Once the parents have sauntered off, many developing eggs are as defenceless as sitting ducks, at risk from passing voracious predators. But the embryos developing in red-eyed treefrog frogspawn have an escape strategy to evade the jaws of death. When attacked by a ravenous snake, they rupture the membrane within which they are encased and fall into the pond below in a bid for freedom. But how do the mini escapologists know when they are under attack? Realising that the tiny youngsters are incapable of escape before reaching a specific stage in development, Karen Warkentin from Boston University, USA, wondered whether the treefrog embryos depend on their developing ears, which pick up vibrations, to warn them of an impending attack. But to check this, Warkentin's graduate student Julie Jung and undergraduates Su Jin Kim and Sonia Pérez Arias had to show that the tadpoles’ sensitivity to vibrations kicks in around the same time that they develop the ability to save their skins.

Knowing that unhatched treefrog tadpoles swivel their eyes in response to motions sensed by their developing ears – otoconial organs – in a response known as the vestibulo-ocular reflex, Warkentin and J. Gregory McDaniel, also from Boston University, built a piece of equipment for Pérez Arias to gradually rotate the tiny embryos to find out when their otoconial organs began detecting movements. Prior to 4 days of age, the youngsters didn't respond to the rotations at all, but over the next 0.75 days their eyes began reacting as they were rotated and their otoconial organs began responding to the motion. But would the development of the embryos’ eye-swivelling reflex correlate with their ability to evade a snake attack?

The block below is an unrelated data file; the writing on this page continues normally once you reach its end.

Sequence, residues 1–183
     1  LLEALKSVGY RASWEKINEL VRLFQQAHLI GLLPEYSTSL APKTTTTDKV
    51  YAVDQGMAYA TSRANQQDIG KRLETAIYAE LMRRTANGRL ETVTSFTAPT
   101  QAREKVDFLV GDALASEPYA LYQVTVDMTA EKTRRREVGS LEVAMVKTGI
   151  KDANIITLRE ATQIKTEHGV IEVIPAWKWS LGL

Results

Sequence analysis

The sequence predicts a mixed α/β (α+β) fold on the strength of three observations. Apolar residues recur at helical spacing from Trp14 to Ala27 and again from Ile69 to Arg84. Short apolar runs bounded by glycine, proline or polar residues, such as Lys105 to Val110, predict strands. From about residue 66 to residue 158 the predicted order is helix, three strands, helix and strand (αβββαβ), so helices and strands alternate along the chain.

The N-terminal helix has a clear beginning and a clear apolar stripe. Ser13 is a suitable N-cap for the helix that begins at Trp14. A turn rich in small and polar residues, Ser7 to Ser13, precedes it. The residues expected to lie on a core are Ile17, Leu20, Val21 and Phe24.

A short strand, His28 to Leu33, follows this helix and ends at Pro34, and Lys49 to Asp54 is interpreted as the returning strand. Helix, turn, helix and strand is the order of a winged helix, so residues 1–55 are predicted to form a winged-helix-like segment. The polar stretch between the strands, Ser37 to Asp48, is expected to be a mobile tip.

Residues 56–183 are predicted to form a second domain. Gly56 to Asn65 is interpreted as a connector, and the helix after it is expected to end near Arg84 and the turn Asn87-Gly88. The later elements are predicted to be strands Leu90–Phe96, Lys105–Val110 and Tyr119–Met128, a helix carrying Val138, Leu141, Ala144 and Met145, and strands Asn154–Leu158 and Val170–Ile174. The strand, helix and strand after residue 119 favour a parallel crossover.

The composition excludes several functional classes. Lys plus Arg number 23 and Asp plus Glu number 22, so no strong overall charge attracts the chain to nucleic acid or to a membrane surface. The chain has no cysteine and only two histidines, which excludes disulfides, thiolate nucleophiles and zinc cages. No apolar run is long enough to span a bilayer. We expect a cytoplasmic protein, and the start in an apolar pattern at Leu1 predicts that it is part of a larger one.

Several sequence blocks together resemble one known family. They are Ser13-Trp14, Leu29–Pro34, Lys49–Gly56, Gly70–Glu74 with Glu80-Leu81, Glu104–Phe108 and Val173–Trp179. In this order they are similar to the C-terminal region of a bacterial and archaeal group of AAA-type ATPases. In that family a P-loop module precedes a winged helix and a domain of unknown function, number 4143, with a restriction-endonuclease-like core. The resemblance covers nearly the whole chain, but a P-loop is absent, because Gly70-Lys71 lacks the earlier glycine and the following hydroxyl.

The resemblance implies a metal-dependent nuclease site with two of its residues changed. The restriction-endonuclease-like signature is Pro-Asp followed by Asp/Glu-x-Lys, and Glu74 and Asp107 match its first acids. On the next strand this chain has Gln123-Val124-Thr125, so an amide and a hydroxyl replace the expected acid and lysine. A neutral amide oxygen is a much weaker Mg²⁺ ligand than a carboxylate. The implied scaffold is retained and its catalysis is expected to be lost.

Simulating snake attacks by shaking clumps of frogspawn ranging in age from 3.7 to 4.9 days, Jung and Kim found that embryos aged 4.3 days and older escaped from the shaken frogspawn. The pair then quickly checked the eye movements of all of the embryos, whether they had stayed put or made a break for it; their eyes only began swivelling around the age when they could liberate themselves while under attack. Finally, Jung and Kim agitated the embryos inside their eggs every 3 h from the age of 81 h (∼3.4 days), to find out when they were able to burst free, then tested their eye rolling, and found that the youngsters that could effect an escape were also adept at swivelling their eyes. In other words, the embryos’ otoconial organs were picking up the warning vibrations.

‘The onset of [the] vestibulo-ocular reflex and hatching responses was largely concurrent’, says Jung. So, development of the frog embryos’ ears seems to coordinate with their ability to evade feasting serpents, suggesting that the vibration-sensitive otoconial organ is key for the youngsters’ survival.

References

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How do red-eyed treefrog embryos sense motion in predator attacks?
J. Exp. Biol.
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